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Coping with uncertainty: how I decided the level of life insurance to carry

Yesterday I was chatting to a friend of mine on the phone; many friends gossip or make trivial arrangements. But I am a personal finance blogger and had just looked at out budgeting spreadsheet…so I mentioned how proud I am that couple of years ago managed to get higher insurance cover (rather high, actually) at much lower price. My bragging was caught short when my friend (who incidentally is a professor of accounting) said:

‘Why do you need all this life insurance? I don’t have any – it is waste of money.’

How our conversation continued is a private matter. What is important is that this made me think: death is not an uncertainty. If anything it is one of the few certainties in life. When deciding to take out life insurance, however, the uncertainty we are hedging against is the timing of our demise rather than the event itself. This timing would be a disaster only when our circumstances are such that we are likely to leave behind financial frailty; and do notice that I am not saying ‘mess’ but frailty.

Identifying the points of your financial frailty will help you not only whether you need life insurance but also would allow you to calculate the level appropriate for your situation. Let me use as example the points that I used to decide how much life insurance I will buy.

You position as earner

This is absolutely vital for your decision. If you are the primary earner in the family you need insurance; and probably quite a lot of it. Irrespective of whether you have children or not, it is your duty to make sure that your partner has the means necessary to maintain a decent life style.

In my case, I have been the primary earner for some time now – although John also earns well, most of it is fairly uncertain coming from contracts. Check!


This is a bit tricky one. On the one hand, the older you are the less insurance you can afford – it is probably not that good for the ego but after a certain age the probability of decease and death increases so much that the cost of insurance becomes prohibitive. On the other hand, you still may have dependents that rely on your income and case. In such situation it is probably better to save or invest a similar amount.

The age of your partner also plays – having an older partner makes it prudent to buy generous levels of life insurance. After all, being younger you should expect to hit a time when you support your partner.


There is no doubt, no hesitation about it: if you have children who are not in their late teens yet take out life insurance – enough to get them through school, university and help them have a half decent start in life.#

Mortgage and other liabilities

If you have mortgage and other liabilities it is wise to take out life insurance that matches or exceeds their value.


…whether you need to take separate life insurance or you have some through your pension. Do the calculations carefully – you may already have life insurance through your pension (I do) but it may not be enough.

This brings me to the matter of how much life insurance is enough – being over insured is not as serious transgression as not being insured but still…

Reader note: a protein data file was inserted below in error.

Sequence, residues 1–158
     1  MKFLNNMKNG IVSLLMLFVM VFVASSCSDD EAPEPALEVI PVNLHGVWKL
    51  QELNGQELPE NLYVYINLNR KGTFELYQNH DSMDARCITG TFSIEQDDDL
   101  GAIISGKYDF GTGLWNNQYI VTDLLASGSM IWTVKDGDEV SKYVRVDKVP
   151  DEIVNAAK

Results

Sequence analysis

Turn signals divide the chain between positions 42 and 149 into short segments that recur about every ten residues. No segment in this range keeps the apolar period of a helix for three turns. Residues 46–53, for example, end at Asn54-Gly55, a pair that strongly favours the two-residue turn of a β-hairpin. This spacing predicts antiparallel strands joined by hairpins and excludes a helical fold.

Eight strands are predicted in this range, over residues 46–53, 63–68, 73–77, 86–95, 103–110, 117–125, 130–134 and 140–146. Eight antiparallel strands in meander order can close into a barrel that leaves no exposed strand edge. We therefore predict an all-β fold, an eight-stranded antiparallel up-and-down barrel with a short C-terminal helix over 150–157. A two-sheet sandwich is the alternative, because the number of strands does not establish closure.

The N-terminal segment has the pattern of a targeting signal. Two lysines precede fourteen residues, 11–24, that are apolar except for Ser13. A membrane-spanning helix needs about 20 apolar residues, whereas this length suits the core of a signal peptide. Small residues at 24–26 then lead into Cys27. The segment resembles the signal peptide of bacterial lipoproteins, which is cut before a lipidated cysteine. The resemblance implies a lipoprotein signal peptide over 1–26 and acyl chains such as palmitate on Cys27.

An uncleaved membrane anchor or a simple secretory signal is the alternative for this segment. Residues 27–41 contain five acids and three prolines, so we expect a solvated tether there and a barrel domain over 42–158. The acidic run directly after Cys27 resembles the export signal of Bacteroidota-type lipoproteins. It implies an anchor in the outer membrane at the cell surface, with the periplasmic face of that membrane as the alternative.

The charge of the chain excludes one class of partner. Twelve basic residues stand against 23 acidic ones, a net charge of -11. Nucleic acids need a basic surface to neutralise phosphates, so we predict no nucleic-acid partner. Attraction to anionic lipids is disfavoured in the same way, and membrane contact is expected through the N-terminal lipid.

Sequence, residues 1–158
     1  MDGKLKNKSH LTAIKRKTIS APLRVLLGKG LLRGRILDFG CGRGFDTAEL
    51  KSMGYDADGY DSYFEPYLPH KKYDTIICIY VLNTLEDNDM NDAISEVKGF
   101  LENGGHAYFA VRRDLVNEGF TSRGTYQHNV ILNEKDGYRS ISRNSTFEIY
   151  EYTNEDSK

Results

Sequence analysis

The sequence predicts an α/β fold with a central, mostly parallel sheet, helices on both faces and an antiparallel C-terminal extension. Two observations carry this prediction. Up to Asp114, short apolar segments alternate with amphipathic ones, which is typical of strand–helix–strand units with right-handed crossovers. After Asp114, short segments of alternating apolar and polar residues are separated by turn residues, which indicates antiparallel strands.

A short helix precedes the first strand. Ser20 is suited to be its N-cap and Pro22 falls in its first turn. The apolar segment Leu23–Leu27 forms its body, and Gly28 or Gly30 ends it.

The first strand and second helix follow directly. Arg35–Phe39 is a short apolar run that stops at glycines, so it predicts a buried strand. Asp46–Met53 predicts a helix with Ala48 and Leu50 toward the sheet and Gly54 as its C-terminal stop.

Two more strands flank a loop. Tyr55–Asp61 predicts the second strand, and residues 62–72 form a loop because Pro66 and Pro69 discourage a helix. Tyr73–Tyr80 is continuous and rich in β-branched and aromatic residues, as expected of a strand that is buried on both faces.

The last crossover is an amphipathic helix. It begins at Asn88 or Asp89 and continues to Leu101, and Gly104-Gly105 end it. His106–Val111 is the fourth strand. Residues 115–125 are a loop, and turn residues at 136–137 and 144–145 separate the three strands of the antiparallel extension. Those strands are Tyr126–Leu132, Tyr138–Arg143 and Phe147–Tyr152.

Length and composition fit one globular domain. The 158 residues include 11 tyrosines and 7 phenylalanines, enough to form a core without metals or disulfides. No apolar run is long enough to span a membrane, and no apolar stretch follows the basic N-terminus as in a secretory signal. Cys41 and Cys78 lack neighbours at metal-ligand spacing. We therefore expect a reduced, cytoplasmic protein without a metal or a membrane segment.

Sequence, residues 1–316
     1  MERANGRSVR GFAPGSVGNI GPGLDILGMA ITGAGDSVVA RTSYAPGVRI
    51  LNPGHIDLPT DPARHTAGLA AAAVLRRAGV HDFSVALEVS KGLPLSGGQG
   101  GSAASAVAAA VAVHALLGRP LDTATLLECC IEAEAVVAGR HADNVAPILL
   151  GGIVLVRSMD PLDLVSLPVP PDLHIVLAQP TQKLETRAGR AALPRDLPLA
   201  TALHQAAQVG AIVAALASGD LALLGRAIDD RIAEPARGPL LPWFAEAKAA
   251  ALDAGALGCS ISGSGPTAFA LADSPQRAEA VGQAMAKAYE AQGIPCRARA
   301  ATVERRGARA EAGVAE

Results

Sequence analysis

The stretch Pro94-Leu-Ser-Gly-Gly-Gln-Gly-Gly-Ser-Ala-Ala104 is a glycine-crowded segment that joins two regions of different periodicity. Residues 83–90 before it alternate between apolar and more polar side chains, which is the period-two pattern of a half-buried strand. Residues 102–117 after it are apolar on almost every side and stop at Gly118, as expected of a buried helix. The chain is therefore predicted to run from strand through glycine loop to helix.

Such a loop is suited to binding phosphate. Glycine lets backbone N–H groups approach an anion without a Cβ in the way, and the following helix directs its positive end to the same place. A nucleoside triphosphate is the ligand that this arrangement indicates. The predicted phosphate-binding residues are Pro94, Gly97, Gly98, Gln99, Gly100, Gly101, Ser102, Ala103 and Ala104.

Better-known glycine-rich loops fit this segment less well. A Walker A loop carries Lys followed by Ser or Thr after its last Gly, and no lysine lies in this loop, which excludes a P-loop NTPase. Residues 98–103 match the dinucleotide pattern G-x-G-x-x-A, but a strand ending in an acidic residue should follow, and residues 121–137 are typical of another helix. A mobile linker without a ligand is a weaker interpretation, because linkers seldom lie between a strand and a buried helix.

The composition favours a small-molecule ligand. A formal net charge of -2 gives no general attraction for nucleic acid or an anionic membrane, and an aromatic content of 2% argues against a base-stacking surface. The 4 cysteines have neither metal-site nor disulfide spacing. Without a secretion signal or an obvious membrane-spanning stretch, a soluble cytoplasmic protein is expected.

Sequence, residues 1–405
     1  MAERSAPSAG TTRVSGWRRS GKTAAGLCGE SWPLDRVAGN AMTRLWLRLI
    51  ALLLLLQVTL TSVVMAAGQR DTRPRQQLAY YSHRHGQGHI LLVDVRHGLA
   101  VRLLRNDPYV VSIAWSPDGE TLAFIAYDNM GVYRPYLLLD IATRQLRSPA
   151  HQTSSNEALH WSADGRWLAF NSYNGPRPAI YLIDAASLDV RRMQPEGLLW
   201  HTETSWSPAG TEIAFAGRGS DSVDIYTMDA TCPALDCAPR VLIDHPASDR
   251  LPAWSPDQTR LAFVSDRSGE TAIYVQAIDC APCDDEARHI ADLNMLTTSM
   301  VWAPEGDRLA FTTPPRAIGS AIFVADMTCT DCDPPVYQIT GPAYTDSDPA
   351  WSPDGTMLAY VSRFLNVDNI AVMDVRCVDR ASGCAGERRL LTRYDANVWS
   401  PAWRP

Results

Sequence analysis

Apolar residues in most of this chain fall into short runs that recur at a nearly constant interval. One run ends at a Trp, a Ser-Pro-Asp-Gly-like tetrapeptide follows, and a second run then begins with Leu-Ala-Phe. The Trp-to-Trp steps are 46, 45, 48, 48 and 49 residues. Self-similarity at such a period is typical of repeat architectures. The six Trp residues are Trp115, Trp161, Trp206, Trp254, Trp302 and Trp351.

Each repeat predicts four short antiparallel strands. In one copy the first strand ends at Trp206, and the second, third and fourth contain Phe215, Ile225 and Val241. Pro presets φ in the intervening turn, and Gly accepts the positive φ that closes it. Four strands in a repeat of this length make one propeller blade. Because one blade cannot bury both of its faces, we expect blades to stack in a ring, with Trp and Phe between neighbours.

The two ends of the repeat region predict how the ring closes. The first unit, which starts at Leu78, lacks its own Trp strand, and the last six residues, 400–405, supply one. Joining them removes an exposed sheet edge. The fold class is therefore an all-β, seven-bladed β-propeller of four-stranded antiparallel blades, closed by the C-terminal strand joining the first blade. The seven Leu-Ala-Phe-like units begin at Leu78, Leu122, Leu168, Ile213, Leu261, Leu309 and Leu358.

How much life insurance is enough?

To decide how much life insurance to carry, I did the following:

  • Calculated all our liabilities
  • Calculated how much John will need to live on and raise our son
  • Checked the conditions of my pension

The amount of life insurance I have is

(Total liabilities + £100,000/$160,000) – insurance through pension

My calculations show that this, and the pension that John and our son will receive were something to happen will be more than enough.

We used the same logic to calculate how much insurance John will carry.

How do you decide?

11 thoughts on “Coping with uncertainty: how I decided the level of life insurance to carry”

  1. That’s a good decision.  I’ve seen figures (sorry, can’t remember where, now) suggesting that many people hold far too much cover.

    We have no debts, no mortgage and no-one dependent on us so we don’t carry any at all! 

    • @Pat: It still may be worth looking into – see, I added £100K on top of liabilities (and Philip will get a pension from me if I go). This was calculated to give John about 10 years without worry about money and the need to sell stuff (like his home which he may or may not wish to do).

    • @Krant: Agree! Except that with my calculation it was more income addition than replacement – the £100K are to add to John’s regular income (his pension) and allow him breathing space to decided what to do; not be forced in action because he can’t cope financially. As I said, the decision is about what we want for the ones left behind after we are gone.

  2. What a tease you are: starting with an interesting story and then stopping abruptly!
    I agree. If you live long enough, then you will leave this earth at some point. To not be prepared is irresponsible. It is generally that simple.

    • @Roshawn: Ha, ha! The conversation with my friend took an iteresting turn – I continued insisting on life insurance and she kept going on about it being a waste. Then she did say that they are apying off the mortgage (a large house worth close to £1 million) and I remembered that there is life insurance as part of our pension arrangement (university lecturers in the UK still have quite good deal on pensions). As usual with PF, in her case it would have been a waste but not because it is not important but because she already had it. Im my case this was not enough because I would be leaving a young kid behind (and a mortgage if something happens within the next four years or so).


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